What Tom got his visit to Stockholm for, which I told him in person he would get before he got it, (yeah, really), was his formulation of how to find a socially beneficial game theoretic solution when many of those exist. He proposed finding a socially agreeable solution that all accept that is also socially good. This proposal he put forward and became accepted was no first use of nuclear weapons, period, even though, of course, the US violated that at the end of WW II. But while it did not become formally or officially accepted, this doctrine became accepted in practice, and we had no nuclear wars, and Tom was the most important person behind this, both intellectually, and in terms of policy in the 1960s.

So unfortunately before he died in 2016, he lived long enough to see the beginning of the unwinding of his rule. When Putin conquered and annexed Crimea in 2014, and much of the West put some pretty minor economic sanctions on him for this, one of his media flunkies (apologize I am not going back to dig up this immoral asshole's post or who is, let him die unknown), declared: "We can turn New York into ashes," or words to that effect. The moment I saw that media post, not shut down by Putin, I knew that Tom Schelling's hidden and implicit rule that had prevented the world from being destroyed in a global thermonuclear war, was over.

Needless to say, as he has become more desperate as his poorly functioning military is being defeated by the military of the nation he invaded without a shred of justification, Putin is making himself not only a world historical war criminal, but a total hypocrite. He actually reminded the world that Ukraine gave up what was then the world's fourth largest stash of nuclear weapons in 1992  He ludicrously complains that somehow now they regret that. No, he claims they are actively trying to get them back, which is another excuse for his invasion.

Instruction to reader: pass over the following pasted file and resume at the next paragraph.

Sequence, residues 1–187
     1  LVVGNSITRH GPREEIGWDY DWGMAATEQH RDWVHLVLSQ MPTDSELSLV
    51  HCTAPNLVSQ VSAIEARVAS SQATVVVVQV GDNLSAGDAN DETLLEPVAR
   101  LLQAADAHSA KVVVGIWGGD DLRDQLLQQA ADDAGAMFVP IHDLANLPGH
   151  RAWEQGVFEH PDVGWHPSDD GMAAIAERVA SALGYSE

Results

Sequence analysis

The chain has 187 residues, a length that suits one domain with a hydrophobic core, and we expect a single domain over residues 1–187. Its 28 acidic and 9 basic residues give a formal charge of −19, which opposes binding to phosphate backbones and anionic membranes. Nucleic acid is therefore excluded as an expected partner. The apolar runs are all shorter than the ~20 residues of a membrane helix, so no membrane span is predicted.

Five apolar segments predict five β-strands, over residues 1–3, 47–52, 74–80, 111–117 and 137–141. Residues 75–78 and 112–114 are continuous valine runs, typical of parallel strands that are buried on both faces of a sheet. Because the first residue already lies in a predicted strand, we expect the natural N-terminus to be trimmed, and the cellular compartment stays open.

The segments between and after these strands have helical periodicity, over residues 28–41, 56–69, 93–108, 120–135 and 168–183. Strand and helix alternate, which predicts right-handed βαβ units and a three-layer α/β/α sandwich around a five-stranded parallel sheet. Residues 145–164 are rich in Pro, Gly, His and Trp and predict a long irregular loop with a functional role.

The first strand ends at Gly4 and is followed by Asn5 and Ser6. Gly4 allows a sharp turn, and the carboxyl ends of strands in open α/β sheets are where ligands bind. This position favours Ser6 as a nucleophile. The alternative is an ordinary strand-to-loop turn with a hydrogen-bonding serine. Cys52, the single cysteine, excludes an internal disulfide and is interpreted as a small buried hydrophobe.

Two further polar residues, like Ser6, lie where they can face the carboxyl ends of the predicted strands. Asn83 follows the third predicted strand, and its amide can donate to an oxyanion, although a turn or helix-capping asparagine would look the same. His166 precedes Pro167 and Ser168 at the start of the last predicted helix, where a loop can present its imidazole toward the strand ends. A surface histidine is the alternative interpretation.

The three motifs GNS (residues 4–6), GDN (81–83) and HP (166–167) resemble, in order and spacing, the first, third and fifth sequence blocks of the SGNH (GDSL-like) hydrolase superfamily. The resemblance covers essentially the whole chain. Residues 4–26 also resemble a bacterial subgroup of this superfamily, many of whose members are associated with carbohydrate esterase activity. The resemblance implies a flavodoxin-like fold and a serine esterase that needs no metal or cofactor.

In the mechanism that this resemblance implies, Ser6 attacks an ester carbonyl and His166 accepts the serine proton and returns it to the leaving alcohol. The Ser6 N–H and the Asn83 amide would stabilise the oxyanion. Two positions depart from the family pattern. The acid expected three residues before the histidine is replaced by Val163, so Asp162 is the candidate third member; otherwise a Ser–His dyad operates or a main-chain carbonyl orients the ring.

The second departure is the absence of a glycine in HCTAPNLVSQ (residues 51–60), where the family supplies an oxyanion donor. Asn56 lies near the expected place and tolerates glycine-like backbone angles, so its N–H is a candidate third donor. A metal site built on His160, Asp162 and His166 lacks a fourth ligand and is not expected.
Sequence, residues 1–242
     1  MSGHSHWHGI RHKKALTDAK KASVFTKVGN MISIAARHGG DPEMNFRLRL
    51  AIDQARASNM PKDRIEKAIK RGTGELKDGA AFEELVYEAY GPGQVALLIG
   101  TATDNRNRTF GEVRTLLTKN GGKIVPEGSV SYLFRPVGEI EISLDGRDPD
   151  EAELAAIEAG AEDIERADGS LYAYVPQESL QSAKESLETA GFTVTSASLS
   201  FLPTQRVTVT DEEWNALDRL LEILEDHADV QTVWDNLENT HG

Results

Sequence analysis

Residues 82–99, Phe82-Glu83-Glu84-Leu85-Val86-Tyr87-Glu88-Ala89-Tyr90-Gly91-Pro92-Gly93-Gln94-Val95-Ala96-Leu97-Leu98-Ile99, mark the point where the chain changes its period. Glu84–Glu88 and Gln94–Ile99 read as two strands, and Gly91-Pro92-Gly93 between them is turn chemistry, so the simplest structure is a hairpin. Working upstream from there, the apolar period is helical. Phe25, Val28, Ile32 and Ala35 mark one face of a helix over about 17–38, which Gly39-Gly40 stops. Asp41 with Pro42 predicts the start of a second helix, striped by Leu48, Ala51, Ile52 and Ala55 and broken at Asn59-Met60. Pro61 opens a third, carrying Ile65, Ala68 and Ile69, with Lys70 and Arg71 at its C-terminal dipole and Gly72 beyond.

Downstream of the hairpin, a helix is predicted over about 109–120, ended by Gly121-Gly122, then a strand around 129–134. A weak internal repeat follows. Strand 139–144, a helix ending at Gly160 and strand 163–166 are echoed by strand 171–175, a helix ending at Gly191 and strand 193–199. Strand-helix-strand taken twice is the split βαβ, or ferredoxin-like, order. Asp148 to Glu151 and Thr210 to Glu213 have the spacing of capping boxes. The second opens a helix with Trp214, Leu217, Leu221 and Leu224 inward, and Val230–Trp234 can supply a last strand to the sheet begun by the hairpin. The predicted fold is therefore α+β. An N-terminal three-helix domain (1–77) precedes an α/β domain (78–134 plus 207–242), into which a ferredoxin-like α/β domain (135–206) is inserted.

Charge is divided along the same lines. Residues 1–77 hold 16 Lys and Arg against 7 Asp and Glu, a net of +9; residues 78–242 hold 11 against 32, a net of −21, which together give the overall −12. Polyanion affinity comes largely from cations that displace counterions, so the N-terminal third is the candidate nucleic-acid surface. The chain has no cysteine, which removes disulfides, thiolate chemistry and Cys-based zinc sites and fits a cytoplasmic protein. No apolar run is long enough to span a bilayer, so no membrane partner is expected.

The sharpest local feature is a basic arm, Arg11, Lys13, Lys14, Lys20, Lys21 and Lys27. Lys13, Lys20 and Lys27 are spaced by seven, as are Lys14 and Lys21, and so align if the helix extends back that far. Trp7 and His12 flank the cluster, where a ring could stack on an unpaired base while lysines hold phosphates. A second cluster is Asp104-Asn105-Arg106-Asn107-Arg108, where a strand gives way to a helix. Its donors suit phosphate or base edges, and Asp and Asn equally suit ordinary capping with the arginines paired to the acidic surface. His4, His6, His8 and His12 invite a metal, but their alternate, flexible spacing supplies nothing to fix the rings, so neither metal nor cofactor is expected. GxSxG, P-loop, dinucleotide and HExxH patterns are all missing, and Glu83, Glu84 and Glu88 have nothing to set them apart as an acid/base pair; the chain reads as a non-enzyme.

But, of course, in 1992, when Ukraine gave up its large stash of nuclear weapons, Russia along with US and UK signed the Budapest Memorandum/Accord that involved recognizing both the independence and the territorial integrity of Ukraine. Obviously Putin violated this in 2014, with both the US and UK failing to respond. That he now reminds of his violation of this agreement at this point is, well...

Barkley Rosser

Wednesday, September 14, 2022

Happy 155th Birthday to volume one of Capital!

In his 1965 farewell lecture at Brandeis University, Herbert Marcuse read a long passage from the Grundrisse's "fragment on machines" and then observed: “But Marx himself has repressed this vision, which now appears as his most realistic, his most amazing insight!"

In Time, Labor and Social Domination, published 28 years later, Moishe Postone addressed the same section from the Grundrisse and commented:

These passages do not represent utopian visions that later were excluded from Marx's more "sober" analysis in Capital but are a key to understanding that analysis; they provide the point of departure for a reinterpretation of the basic categories of Marx' s mature critique that can overcome the limits of the traditional Marxist paradigm.

Who was right? Did Marx repress his most amazing insight or is that insight from the Grundrisse a key to interpreting Marx's analysis in Capital? I would argue that both Marcuse and Postone are partly right and partly wrong. Marx didn't so much repress his realistic, amazing insight from the Grundrisse in Capital as hide it under bushels of supplementary illustrative material. You can find it there if you are patient and know what to look for. 

In that respect, passages from the Grundrisse are indeed a key to understanding and reinterpreting Capital. But what is the key to understanding and reinterpreting the Grundrisse? It is the 1821 pamphlet, The Source and Remedy of the Natural Difficulties, that Marx cited and quoted from repeatedly in the Grundrisse, that Engels claimed Marx had "rescued from its oblivion," that Marx was fascinated by in the notebooks published as Theories of Surplus Value, and that Postone, Marcuse and almost every other interpreter of Marx's thought has ignored.

I discussed this peculiar omission in an article published last year, "The Ambivalence of Disposable Time: The Source and Remedy of the National Difficulties at two hundred." In the last few weeks, I have completed a 21,000 word manuscript, "A shadow of things to come" that probes further into the backstory of the pamphlet and forward into the fate of disposable time in today's world. I'm sure it's not the sort of thing academic publishers would be interested in and thus am uncertain about how I will present my arguments to the public.